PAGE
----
10.48 am

The Parliamentary Under-Secretary of State for International Development (Mr. Michael Foster): I congratulate my hon. Friend the Member for Battersea (Martin Linton) on introducing this debate. It is not only timely, but has been of a very high quality, as the
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hon. Member for Cotswold (Mr. Clifton-Brown) said. I congratulate all Members on their contributions; I shall address as many of their questions as I can, but if I cannot do so in the time allowed, I shall follow up in writing to the Members concerned.

We have heard hon. Members’ concerns about the grave situation in Gaza—concerns that the Government share. We have all been shocked by the loss of life and the scenes of violence in Gaza in recent weeks. The images on our television screens have been harrowing. My hon. Friend asked whether we should debate the causes of the situation—whether it was 1967 or 1948, for instance. When I was in Saudi Arabia, yesterday, we talked about events as far back as the 1917 Balfour agreement. However, we should leave historians to debate and rewrite the history books. What we should do as politicians is try to shape the future for the Palestinian people.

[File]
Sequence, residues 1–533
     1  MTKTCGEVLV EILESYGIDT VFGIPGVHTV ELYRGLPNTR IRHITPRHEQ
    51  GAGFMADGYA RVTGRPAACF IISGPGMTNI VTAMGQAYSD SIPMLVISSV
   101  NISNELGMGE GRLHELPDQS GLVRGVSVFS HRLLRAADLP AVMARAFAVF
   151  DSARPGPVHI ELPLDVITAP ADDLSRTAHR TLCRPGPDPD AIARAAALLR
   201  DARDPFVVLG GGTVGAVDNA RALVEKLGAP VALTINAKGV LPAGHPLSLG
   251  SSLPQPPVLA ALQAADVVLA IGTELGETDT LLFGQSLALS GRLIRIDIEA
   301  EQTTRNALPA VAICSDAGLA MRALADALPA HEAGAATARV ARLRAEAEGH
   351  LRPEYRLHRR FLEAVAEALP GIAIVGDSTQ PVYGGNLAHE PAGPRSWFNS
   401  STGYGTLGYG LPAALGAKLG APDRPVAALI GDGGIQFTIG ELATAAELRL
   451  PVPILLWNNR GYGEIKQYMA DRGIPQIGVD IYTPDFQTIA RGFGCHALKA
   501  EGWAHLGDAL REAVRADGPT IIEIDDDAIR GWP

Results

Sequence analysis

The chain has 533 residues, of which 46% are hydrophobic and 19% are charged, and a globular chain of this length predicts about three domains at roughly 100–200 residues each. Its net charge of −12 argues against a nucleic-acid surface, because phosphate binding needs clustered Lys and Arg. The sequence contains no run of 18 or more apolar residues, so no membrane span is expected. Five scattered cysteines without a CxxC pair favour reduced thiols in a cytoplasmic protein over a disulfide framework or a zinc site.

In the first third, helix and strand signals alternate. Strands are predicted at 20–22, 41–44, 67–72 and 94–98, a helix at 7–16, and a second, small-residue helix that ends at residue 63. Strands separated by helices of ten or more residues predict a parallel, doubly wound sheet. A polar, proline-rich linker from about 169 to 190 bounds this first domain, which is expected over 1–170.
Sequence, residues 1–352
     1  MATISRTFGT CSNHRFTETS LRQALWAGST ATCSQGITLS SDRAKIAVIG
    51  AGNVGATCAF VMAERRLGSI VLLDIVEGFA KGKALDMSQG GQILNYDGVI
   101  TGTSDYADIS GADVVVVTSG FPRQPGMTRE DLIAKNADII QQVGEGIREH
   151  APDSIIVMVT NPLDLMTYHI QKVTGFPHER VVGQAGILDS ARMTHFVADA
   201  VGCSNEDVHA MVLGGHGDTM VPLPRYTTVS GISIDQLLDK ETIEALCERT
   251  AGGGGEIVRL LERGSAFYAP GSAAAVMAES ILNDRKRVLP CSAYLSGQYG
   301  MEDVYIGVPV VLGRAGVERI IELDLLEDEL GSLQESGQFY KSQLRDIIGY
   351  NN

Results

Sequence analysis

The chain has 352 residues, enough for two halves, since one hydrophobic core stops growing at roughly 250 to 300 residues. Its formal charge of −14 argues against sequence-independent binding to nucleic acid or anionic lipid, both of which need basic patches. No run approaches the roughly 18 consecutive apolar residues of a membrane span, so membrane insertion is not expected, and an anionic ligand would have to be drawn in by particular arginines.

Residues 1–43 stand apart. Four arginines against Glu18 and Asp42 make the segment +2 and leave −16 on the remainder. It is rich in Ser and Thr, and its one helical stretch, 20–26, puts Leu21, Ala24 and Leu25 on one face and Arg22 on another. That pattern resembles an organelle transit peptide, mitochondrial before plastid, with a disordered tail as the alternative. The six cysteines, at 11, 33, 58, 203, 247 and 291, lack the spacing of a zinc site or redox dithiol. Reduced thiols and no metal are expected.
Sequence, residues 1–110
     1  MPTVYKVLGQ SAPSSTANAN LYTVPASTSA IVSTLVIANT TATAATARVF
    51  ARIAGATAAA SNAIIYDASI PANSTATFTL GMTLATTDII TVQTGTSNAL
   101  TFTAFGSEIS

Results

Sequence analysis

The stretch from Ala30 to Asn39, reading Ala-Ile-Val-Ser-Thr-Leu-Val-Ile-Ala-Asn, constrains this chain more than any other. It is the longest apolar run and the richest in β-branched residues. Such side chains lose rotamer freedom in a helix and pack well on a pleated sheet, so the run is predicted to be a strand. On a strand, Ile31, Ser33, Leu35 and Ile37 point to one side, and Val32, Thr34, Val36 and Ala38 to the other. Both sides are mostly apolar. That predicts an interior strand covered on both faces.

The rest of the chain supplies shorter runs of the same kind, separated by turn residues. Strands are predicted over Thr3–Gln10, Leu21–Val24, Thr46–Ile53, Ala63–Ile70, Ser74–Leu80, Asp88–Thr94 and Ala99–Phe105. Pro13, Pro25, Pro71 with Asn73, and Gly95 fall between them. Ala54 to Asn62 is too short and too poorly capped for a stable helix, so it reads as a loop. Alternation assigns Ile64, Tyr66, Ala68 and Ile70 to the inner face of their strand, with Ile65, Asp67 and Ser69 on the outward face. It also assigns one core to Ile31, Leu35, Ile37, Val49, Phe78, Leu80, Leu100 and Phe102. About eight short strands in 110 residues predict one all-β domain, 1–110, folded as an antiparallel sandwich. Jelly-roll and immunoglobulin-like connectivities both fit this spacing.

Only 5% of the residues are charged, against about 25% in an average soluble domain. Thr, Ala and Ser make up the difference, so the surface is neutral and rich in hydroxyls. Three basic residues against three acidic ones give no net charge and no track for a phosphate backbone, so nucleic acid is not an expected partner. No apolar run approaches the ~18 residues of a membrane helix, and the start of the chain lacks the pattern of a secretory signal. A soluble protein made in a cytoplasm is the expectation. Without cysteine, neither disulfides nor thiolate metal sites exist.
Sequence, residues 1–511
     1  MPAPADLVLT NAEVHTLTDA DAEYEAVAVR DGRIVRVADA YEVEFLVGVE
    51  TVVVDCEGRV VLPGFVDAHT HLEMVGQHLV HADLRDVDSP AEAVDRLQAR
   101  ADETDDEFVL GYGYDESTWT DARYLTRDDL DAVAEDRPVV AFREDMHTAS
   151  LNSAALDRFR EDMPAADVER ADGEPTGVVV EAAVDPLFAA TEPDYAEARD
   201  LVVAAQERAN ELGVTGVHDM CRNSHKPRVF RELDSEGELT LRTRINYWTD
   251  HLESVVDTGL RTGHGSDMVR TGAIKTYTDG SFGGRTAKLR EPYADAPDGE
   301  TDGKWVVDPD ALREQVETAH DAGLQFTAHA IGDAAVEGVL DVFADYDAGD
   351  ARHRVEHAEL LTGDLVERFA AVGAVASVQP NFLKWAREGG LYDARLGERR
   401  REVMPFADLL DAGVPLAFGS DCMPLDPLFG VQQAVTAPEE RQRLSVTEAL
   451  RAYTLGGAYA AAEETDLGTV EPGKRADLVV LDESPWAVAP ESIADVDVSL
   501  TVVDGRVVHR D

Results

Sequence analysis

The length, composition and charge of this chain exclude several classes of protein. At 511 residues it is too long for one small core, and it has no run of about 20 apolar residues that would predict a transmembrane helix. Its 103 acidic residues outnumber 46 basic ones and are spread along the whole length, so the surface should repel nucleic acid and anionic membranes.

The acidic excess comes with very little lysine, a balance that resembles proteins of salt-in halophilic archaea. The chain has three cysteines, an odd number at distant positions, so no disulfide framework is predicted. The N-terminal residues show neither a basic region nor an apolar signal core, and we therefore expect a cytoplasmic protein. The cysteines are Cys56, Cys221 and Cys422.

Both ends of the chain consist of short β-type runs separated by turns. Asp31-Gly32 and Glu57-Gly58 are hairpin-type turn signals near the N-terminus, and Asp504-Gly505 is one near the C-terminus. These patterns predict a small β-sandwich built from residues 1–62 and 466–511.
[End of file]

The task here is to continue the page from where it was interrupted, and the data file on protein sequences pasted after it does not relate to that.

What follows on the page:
May I remind the Chamber, and all those listening, what the UK’s position has been since 27 December when the conflict resumed? We called for an immediate ceasefire. The Foreign Secretary led the way at the United Nations to secure resolution 1860. My Department has led efforts to ensure that, even when violence is wrecking people’s lives, they have access to medical supplies, food and shelter. The Government have not stood by, and we have not walked by on the other side of the road. My Department has moved incredibly fast to ensure the availability of all the resources that are needed for this immense humanitarian effort.